Subsequent to this Court's order dismissing Parsons-Gilbane's appeal, Mar-Len filed a motion requesting the district court to issue an injunction prohibiting any further proceedings in the pending arbitration. On December 12, 1984, the district court issued the requested injunction based on that court's earlier conclusion that the dispute between Mar-Len and Parsons-Gilbane is not within the scope of their arbitration agreement. On January 2, 1985, Parsons-Gilbane properly perfected this appeal from the district court's order granting the injunction.1 On appeal, Parsons-Gilbane argues that the district court improperly stayed the arbitration because of the district court's erroneous conclusion that the Mar-Len/Parsons-Gilbane dispute was not arbitrable.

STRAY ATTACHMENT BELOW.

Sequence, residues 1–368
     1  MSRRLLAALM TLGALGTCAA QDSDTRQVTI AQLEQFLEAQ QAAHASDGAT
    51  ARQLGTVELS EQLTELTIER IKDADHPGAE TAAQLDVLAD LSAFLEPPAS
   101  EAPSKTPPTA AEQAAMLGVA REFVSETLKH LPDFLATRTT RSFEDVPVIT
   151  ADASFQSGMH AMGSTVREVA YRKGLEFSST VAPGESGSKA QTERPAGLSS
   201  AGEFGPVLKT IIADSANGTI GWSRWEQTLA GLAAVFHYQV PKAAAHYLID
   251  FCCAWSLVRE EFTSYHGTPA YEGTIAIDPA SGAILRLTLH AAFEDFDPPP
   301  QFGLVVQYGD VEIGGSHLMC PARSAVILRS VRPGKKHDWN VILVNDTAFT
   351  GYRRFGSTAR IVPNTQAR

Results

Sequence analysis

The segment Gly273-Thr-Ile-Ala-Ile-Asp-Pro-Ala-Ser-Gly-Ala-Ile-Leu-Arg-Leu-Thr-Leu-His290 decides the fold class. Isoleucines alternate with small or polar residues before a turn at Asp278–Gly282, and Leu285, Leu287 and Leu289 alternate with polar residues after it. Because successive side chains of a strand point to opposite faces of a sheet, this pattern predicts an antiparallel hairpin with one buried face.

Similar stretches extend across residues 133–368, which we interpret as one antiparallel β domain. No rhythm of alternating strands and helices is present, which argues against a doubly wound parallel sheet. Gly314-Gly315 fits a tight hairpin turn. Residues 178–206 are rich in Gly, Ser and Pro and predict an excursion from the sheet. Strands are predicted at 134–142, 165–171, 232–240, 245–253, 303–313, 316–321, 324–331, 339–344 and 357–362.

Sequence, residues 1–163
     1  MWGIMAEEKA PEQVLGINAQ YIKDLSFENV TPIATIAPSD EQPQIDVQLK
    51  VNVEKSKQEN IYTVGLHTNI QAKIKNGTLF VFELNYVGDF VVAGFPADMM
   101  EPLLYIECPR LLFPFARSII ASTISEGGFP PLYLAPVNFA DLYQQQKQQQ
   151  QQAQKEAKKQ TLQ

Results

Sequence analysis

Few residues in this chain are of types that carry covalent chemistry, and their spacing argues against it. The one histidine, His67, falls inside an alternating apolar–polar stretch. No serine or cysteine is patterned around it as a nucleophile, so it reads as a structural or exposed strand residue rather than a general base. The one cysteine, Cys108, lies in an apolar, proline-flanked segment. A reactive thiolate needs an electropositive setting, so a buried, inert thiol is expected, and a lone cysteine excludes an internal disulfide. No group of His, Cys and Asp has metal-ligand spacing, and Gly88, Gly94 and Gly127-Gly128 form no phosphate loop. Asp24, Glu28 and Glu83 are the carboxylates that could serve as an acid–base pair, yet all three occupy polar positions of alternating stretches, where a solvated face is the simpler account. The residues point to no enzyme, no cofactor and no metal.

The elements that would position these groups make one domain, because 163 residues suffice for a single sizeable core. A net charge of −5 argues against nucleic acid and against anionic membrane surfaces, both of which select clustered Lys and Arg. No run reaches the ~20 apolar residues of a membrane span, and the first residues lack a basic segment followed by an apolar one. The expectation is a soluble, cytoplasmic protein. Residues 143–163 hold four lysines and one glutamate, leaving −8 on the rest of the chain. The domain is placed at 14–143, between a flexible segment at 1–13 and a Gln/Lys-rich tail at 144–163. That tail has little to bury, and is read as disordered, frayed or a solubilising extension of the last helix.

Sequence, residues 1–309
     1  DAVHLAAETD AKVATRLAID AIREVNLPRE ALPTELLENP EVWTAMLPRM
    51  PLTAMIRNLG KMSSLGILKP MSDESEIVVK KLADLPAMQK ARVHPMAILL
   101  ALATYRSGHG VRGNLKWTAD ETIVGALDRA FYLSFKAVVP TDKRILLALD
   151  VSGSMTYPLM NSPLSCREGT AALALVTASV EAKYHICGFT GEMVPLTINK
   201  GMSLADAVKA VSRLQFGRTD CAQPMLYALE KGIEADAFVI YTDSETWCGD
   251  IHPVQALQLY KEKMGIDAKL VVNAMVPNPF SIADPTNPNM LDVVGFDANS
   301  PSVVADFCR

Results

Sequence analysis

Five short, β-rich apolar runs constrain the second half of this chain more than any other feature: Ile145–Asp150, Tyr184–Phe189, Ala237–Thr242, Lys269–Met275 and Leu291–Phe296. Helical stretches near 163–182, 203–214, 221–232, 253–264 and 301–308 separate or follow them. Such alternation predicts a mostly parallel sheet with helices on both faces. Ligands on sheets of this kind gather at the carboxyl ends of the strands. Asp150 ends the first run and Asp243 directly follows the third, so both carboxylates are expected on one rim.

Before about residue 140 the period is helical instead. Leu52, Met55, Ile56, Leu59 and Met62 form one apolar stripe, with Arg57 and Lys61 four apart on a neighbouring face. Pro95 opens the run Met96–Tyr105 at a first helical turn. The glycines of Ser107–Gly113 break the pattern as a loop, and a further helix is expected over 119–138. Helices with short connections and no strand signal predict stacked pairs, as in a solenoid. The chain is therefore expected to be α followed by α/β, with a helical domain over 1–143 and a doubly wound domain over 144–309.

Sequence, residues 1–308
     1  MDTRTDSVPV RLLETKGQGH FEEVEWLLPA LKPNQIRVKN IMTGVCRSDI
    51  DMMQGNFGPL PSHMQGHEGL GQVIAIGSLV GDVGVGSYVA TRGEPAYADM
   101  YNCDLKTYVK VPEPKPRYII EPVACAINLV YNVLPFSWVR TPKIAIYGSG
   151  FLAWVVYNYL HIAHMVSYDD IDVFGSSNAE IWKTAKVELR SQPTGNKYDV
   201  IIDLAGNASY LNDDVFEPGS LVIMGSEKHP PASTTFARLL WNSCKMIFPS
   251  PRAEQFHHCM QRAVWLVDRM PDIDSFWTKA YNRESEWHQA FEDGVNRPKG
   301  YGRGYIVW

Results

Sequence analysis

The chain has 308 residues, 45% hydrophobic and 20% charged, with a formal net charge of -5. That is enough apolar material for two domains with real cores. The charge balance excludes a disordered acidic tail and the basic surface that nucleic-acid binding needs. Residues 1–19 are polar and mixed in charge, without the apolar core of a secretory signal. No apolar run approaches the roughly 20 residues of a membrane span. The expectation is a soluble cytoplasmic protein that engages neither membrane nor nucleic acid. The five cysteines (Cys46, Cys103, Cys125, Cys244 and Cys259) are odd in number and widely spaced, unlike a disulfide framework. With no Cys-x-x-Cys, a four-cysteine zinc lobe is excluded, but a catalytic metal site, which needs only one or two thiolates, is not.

The question of arbitrability is determined on the basis of the existence of an arbitration clause that on its face appears broad enough to encompass the parties' claims. Commerce Park at DFW Freeport v. Mardian Construction Co., 729 F.2d 334, 338 (5th Cir.1984). A presumption of arbitrability exists requiring that whenever the scope of an arbitration clause is fairly debatable or reasonably in doubt, the court should decide the question of construction in favor of arbitration. United Steelworkers of America v. Warrior & Gulf Navigational Co., 363 U.S. 574, 583, 80 S.Ct. 1347, 1353, 4 L.Ed.2d 1409 (1960). The weight of this presumption is heavy: arbitration should not be denied "unless it can be said with positive assurance that an arbitration clause is not susceptible of an interpretation that could cover the dispute at issue." Wick v. Atlantic Marine, Inc., 605 F.2d 166, 168 (5th Cir.1979).